Blue whales are arriving off Southern California, searching for enormous krill patches on which to feed.
It remains to be seen whether this will be a productive whale-watching season, given the unseasonably warm water in some areas, and a strengthening El Niño.
But some of these great leviathans, the largest creatures to have inhabited earth, are already making their presence known off Orange County.
They include a famous seasonal visitor named Delta, because the mammal’s upturned fluke ends reminds some of the tail section of a jet.
Delta was spotted over the weekend off Newport Beach and Dana Point with what might be her calf. The photo atop this post, courtesy of Dana Wharf Whale Watch, shows Delta on a very gloomy Friday.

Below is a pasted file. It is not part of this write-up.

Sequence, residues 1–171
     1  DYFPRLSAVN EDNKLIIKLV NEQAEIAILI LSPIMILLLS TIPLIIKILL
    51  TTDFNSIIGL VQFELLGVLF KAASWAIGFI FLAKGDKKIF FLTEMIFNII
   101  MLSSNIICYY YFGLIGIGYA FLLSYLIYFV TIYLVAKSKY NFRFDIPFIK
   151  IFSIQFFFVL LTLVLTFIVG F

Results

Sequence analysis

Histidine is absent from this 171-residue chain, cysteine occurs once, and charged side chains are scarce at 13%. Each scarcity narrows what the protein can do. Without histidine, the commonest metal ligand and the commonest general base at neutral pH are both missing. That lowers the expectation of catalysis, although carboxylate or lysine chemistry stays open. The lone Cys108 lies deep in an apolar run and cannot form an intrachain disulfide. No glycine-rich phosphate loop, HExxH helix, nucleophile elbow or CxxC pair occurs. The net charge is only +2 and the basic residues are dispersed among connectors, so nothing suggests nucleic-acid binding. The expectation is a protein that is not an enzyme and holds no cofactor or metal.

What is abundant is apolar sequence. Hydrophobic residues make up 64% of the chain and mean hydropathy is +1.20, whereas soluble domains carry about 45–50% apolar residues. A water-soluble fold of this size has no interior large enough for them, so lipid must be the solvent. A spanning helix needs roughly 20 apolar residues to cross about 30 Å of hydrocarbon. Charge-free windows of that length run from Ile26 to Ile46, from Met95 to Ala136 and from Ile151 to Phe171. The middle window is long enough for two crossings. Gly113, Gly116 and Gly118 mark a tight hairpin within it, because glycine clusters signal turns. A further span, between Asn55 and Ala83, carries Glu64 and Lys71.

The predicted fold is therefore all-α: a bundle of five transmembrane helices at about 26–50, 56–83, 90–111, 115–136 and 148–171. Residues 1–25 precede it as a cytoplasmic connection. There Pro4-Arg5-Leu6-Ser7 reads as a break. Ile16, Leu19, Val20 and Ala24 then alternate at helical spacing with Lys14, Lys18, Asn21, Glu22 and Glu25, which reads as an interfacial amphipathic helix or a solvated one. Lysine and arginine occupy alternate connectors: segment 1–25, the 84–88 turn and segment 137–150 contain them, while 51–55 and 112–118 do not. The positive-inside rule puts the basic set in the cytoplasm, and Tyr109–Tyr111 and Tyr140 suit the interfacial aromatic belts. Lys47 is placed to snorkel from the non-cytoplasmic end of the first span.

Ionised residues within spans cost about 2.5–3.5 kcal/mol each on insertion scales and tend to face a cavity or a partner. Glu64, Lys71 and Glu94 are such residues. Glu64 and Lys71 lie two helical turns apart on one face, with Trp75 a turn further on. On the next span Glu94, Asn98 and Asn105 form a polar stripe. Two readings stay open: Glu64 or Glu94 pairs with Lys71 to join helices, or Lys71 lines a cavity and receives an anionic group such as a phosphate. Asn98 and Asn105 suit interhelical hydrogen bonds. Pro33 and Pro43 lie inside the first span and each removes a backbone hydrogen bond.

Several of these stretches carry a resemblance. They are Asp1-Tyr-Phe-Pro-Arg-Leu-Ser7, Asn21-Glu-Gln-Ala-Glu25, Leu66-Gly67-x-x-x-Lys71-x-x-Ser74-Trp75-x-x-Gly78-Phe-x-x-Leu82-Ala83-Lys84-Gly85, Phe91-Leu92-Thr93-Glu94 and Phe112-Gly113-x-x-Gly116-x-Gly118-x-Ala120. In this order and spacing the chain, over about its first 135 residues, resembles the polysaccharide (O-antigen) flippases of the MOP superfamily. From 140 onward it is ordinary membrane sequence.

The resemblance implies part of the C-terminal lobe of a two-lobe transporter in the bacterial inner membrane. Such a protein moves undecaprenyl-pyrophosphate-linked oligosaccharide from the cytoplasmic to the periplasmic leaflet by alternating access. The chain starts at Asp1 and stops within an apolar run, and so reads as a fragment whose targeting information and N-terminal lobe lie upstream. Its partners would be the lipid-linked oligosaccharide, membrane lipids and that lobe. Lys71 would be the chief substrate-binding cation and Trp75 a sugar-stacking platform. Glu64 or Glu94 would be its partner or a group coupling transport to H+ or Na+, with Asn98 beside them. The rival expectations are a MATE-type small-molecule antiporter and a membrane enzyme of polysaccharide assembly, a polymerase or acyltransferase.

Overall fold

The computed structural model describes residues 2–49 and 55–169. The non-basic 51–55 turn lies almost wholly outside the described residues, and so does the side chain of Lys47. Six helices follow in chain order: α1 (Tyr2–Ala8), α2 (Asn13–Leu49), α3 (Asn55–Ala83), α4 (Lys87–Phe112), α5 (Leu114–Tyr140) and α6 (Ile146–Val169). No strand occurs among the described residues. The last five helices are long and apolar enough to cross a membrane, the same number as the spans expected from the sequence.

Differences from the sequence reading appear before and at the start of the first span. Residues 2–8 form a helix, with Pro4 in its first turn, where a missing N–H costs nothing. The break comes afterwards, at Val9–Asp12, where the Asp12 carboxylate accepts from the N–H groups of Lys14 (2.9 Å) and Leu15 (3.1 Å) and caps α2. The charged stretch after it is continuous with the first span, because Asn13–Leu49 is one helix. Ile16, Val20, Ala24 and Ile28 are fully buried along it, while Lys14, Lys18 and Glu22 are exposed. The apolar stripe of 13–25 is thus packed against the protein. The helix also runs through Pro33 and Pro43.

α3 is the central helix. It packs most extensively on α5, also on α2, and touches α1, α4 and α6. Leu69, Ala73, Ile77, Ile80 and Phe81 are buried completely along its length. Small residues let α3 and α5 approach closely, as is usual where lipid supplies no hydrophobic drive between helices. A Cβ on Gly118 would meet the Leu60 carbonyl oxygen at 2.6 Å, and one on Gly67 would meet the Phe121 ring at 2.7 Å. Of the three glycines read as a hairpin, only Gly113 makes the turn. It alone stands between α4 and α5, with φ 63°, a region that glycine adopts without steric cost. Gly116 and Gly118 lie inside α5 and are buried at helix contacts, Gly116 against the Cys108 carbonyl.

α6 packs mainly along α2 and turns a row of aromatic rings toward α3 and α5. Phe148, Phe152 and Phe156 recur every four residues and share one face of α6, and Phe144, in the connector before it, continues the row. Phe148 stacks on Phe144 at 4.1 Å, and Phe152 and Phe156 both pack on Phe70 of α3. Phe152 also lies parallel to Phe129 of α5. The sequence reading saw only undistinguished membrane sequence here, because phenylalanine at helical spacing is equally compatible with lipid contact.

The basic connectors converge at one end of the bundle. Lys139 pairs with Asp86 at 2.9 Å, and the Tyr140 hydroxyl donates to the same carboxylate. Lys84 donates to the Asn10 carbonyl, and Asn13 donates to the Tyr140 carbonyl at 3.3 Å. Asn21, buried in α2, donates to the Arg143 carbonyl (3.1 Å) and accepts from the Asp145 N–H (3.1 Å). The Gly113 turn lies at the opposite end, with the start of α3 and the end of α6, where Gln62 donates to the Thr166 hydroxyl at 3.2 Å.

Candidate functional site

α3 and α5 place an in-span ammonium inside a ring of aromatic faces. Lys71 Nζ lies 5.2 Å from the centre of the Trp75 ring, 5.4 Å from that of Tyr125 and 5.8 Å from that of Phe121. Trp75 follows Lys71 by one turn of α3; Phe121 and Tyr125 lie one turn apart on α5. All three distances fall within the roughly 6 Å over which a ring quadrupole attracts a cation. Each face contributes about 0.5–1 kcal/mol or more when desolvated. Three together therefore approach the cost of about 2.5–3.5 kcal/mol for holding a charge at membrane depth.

The first video, uploaded Monday by Captain Dave’s Dolphin & Whale Safari, shows the calf approaching the catamaran Manute’a, to the delight of passengers.
“It was almost as if the smaller whale wanted to play with the boat!” states the video description.
The second video, uploaded by Dana Wharf Whale Watch, shows aerial footage of a different blue whale swimming with a calf. Almost immediately, viewers can watch the calf roll over and swim upside down–a behavior that's rarely observed.
If the sun had been out, footage in both videos would have been even more spectacular.
About 2,000 blue whales that feed in waters off California, from about late May through early fall. Where they'll be seen depends entirely on plankton-like krill, which is practically their sole source of sustenance.
A single adult blue whale can consume 4 tons of krill per day, so they need to go where the blooms are largest.